Data without Numbers by Fariz Junaidi

Fariz Junaidi is the final of our GSA graduates, and he wooed us with the sumptuous poster he created for this year’s show. We emailed Fariz to learn a bit more about the poster and his Data without Numbers project.

“Data without Numbers is an experimental, multi-disciplinary approach to information visualisation where day-to-day data collected in the train stations were transformed into five interactive, fashion contraptions. These contraptions bridges a tangible connection between 2-dimensional statistical data and an immersive bodily experience for users to appreciate and understand information beyond digits and pixels. Since there is no dedicated journals or publications to the ubiquitous field of contemporary data visualisation, “Data without Numbers” was also published as a magazine publication to give a platform for academic writings, discussion and critiques revolving around the artistic and pragmatic perspective of data visualisation.”

The GSA Degree show opens in two days and runs until July 15 at DECK. See you there!

Disintegrate by Jason Khoo

Can ephemerality be a spatial experience?

Our next graduate from the GSA Interior Design program is Jason Khoo. Jason has a keen interest in realising something conceptual with spatial renderings as a medium.

About his project: “While there are art installations inspired by the theme of the ephemeral, and even social media embracing ephemeral messaging as its core, what about a space that is ephemeral? Each project attempts to conceptualise ephemerality in terms of materiality, time and lights and shadows.”

Look out for Jason’s work at the GSA Degree show which opens this Saturday and runs until July 15 at DECK.

Doubt by Max Tan

The notorious phrase: “Jack of all trades, master of none” in the design community hasn’t stopped our next GSA graduate from exploring and using different mediums when approaching communication design.

Apart from focusing on conventional design, Max Tan is involved with up and coming duo Campfire, helping with the conceptualization and experimentation of their music videos.

“This project/brief started off as an exploration of intellect and instinct in relation to creative processes. I was required to act instinctively, undertaking a series of mini projects which should lead from one to the next that would push and stretch my own approaches to generating ideas. I was asked to document my process as I move along and reflect on any issues or interesting questions that arises. As I embarked on my research, a widely used and heard phrase surfaced: “Trust your instincts.” There were, however, many who felt that this statement was fallacious. The question after; are first instincts generally bad? Each mini project presented was “hand made” (no digital imaging or photo manipulation) photographed and documented. These projects were some that I never thought would succeed as outcomes or even thought possible to execute. Acting instinctively, fighting the doubts I had along the way I moved from one project to the next, and as I reflected through each project, I concluded; Instincts do not push creativity. Doubt does.”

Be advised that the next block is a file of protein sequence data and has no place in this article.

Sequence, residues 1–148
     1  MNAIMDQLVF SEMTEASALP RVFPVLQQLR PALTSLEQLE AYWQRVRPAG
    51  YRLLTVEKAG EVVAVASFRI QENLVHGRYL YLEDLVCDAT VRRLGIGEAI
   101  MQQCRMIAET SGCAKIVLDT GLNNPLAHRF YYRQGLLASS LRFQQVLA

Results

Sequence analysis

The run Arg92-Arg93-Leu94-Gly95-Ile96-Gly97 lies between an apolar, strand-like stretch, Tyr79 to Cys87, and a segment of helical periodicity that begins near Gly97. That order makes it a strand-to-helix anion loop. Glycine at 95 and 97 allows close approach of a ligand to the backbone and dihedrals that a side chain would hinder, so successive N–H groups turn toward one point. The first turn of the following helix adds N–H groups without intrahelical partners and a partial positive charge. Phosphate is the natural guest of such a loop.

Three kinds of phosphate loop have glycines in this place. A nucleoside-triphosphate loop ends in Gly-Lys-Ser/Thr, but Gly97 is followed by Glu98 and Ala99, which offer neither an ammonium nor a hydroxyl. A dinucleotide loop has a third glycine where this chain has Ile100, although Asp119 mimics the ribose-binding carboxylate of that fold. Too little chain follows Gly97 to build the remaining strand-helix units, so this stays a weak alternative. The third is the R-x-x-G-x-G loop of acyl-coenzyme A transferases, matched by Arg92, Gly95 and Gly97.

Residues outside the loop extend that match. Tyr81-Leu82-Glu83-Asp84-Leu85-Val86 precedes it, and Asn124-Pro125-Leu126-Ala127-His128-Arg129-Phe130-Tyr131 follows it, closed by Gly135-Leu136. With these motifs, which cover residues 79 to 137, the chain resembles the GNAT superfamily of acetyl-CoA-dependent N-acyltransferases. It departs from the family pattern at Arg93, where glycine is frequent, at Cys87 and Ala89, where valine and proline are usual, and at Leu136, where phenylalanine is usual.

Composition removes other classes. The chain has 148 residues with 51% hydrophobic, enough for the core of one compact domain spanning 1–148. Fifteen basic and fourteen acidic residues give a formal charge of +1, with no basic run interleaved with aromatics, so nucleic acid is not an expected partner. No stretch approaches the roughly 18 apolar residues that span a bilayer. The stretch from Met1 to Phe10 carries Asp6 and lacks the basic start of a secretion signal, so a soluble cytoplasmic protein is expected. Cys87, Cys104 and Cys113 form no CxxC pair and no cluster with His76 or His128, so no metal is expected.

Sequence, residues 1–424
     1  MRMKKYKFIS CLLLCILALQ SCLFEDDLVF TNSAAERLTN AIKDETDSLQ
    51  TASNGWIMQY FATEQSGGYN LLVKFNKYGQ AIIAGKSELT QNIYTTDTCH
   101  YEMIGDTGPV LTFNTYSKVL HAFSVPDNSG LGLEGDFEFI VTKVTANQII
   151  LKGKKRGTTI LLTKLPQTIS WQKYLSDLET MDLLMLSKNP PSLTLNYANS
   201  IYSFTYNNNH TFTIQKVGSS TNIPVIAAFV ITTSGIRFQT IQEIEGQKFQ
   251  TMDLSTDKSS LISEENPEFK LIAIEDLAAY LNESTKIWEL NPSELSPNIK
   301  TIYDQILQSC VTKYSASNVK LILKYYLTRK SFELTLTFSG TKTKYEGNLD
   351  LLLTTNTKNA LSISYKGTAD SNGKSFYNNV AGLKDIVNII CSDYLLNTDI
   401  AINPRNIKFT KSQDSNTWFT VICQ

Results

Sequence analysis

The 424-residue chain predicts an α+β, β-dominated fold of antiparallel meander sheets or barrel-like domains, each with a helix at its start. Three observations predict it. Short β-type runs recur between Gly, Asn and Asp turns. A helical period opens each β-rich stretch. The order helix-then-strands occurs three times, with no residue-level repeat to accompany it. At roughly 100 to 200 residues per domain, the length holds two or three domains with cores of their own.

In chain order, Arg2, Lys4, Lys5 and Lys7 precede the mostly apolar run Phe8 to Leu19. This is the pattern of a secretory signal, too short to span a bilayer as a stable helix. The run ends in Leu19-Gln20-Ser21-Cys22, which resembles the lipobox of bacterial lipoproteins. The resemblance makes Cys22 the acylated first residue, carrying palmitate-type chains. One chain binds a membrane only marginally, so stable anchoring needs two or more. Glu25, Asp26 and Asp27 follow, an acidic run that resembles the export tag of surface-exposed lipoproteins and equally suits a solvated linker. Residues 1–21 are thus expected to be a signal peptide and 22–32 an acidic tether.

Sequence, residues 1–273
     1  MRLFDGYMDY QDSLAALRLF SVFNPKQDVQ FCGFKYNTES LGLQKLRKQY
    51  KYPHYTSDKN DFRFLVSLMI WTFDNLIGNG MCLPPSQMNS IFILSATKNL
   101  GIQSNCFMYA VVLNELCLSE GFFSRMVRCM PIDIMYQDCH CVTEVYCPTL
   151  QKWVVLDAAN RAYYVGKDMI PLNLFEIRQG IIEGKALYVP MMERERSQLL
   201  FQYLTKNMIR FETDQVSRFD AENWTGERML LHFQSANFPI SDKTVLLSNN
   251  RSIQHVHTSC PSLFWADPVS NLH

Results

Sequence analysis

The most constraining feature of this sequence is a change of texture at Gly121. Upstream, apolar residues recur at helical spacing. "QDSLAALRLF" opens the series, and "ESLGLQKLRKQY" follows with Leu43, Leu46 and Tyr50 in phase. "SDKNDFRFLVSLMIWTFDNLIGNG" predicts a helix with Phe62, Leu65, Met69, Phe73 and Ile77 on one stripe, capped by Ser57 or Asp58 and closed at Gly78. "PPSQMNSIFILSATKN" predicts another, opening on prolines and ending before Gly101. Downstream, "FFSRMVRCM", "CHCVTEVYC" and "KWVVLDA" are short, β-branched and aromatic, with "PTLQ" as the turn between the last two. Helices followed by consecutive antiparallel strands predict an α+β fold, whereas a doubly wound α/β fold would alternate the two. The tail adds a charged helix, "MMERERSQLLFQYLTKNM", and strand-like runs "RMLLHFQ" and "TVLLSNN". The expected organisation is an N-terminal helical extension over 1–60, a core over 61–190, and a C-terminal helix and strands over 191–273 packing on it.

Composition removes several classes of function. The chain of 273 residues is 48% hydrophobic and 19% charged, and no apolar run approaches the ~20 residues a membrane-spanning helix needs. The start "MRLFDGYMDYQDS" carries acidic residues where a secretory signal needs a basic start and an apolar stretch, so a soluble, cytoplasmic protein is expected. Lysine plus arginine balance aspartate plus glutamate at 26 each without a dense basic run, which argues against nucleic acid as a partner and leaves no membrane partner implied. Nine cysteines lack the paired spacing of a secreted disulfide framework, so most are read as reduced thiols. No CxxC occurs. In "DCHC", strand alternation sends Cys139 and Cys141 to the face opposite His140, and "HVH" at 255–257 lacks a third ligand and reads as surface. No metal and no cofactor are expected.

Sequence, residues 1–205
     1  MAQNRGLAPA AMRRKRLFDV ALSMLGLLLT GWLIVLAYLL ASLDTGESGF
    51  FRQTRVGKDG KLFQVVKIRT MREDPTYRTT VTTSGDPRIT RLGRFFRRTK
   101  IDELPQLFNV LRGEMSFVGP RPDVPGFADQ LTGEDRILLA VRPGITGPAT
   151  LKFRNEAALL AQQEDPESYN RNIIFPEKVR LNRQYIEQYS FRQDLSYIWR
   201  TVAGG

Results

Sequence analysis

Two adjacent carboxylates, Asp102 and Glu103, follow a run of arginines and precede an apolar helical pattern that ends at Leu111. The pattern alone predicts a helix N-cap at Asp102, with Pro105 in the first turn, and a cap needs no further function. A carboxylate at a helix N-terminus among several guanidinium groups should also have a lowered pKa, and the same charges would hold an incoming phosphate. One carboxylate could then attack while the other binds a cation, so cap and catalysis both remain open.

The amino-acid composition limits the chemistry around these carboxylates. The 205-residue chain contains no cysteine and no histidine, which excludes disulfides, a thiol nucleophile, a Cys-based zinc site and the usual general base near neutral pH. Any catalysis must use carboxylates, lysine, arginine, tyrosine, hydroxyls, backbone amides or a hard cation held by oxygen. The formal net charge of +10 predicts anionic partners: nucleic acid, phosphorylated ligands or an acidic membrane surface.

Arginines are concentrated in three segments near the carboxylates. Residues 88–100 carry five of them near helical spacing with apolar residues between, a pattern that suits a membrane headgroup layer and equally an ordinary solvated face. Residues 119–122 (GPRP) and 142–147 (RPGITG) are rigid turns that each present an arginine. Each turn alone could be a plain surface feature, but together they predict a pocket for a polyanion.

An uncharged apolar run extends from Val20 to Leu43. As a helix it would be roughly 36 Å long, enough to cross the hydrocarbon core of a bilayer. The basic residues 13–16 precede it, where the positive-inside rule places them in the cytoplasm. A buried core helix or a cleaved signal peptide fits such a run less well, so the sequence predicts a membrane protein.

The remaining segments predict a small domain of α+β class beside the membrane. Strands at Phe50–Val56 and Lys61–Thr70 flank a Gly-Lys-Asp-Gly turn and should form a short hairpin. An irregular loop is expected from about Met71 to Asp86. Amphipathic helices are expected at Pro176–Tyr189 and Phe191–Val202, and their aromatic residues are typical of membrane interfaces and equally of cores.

The GSA Degree show opens on July 9 and runs until July 15 at DECK. Check it out!

Banner Shuffle! Binary Style Scarves

Santhi and Sari Tunas of Binary Style, are architecturally trained twin sisters, specialised in designing Singapore themed scarves. “Tiong Bahru, Bukit Timah, Botanical Gardens … our scarves are scarves with stories, Singapore stories.”

Let’s All Do A Little Bit More by Khor Serene

“As a designer and craftsperson, I am curious about the relevance of craft in our fast-paced society,” says Khor Serene, our next GSA graduate. “Being a scholar from Singapore Polytechnic and Singapore Institute of Technology makes me particularly inquisitive of the status quo and my role as a creative in Singapore. As the notion of craft seems to go against the very grain of how our society functions, I ponder on the values of craft and how it may remain relevant in modern times.”

Serene’s project titled “Let’s All Do A Little Bit More” is an exploration of productivity in Singapore. “Productivity has long been a challenge for us since independence and “Let’s All Do A Little Bit More” is one of the slogans from the Productivity Campaign in the 1980s. As a result of the campaigns, apathetic attitudes towards work and life in Singapore were ingrained and our drive to increase productivity plateaued in recent years. The series plays with all too familiar slogans to offer alternative perspectives on productivity, highlighting quotes from art critic John Ruskin on how we may work and live differently. Embroidery is a less than productive mode of presenting these ideas and subverts the definitions of productivity and efficiency in Singapore. Perhaps it is through less than obvious approaches that we find a solution to increase Singapore’s productivity during this dry spell.”

The GSA Degree show opens on July 9 and runs until July 15 at DECK.

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